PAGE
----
Beware calls from unknown numbers - this top messaging app has placed millions of iOS and Android users at risk
Researchers have identified a critical vulnerability in popular privacy-centric messaging app Signal, affecting millions of iOS and Android users.
Discovered by security firm Tenable, the bug could allow hackers to gain access to users' coarse location data and map out patterns of movement - such as time-periods during which a user is likely to be at home, work, or their favorite local haunt.
To execute an attack, the hacker need only use Signal to call another user, whose location could be compromised whether or not the call is answered.
The bug was introduced with Signal v4.59.0 on Android, while iOS users of any version since v18.104.22.168 could be at risk.
The Signal messaging app features end-to-end encryption for both calls and text messages, attracting millions of privacy-conscious users every day across Android and iOS. Even infamous whistleblower and champion of data privacy Edward Snowden claims to “use Signal every day.”
However, according to an advisory published by Tenable, the app is not as watertight from a privacy perspective as its users might expect.
The newly discovered flaw can be used to leak information about a user's DNS, which can in turn reveal coarse location data and allow the hacker to identify the victim's location within a 400 mile radius.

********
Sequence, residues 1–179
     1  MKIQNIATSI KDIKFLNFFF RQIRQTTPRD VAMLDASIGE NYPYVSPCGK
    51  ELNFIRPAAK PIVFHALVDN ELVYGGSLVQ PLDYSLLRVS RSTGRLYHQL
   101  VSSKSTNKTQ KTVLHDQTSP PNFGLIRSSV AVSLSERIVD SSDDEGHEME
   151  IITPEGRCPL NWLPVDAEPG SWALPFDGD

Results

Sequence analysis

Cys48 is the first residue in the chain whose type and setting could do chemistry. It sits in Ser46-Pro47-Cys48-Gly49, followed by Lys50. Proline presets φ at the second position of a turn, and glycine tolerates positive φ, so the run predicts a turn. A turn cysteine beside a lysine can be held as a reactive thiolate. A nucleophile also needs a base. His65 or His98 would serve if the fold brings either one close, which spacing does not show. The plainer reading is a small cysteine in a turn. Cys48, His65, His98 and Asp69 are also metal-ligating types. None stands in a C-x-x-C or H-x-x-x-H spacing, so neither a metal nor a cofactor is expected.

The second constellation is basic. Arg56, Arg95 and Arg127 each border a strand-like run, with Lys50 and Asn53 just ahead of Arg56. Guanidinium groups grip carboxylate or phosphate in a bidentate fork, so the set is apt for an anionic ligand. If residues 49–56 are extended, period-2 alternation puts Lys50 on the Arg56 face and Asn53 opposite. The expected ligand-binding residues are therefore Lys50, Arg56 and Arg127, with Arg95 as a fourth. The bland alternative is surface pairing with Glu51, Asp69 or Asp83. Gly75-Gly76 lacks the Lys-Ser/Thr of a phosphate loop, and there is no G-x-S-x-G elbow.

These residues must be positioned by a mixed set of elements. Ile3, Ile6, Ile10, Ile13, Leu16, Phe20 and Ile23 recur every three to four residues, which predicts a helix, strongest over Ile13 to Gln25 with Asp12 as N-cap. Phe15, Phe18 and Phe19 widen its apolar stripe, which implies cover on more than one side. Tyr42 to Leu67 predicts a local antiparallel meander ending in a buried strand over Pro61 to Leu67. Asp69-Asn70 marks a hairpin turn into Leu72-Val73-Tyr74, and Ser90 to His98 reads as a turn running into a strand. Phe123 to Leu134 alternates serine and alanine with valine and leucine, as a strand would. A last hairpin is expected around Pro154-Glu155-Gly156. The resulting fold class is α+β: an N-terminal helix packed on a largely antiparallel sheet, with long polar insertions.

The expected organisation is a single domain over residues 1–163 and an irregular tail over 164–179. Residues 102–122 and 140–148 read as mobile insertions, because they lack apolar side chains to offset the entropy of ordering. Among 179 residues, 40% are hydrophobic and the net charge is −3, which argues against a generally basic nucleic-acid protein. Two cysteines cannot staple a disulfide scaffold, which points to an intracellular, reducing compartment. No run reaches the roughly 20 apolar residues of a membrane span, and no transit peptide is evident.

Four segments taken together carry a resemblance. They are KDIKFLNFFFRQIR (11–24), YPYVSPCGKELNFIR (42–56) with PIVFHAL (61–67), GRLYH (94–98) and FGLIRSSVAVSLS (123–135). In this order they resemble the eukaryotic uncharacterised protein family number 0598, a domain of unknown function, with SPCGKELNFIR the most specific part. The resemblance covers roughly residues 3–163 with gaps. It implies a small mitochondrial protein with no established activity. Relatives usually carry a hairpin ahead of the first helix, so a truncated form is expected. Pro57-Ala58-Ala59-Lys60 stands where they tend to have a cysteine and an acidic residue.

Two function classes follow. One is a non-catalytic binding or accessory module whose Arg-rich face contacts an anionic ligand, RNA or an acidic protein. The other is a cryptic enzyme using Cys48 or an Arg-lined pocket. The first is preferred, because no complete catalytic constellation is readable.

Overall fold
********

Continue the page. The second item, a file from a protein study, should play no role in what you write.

While this might appear inconsequential to most, using coarse location data in conjunction with DNS server pings from different networks (domestic Wi-Fi, public hotspots, 4G connections etc.) could be used by the hacker to make more precise location assumptions.
Signal was quick to issue a patch for the vulnerability via GitHub, which Tenable commends in its advisory. However, the security firm believes the patch requires technical expertise beyond the abilities of most users, meaning hackers could abuse the flaw freely until a patch is made available on the Apple App Store and Google Play Store.
In the interim, Tenable recommends Signal users install a VPN service that offers a DNS tunnel, which can hinder an attacker's ability to exploit the flaw.
Signal did not immediately respond to our request for comment.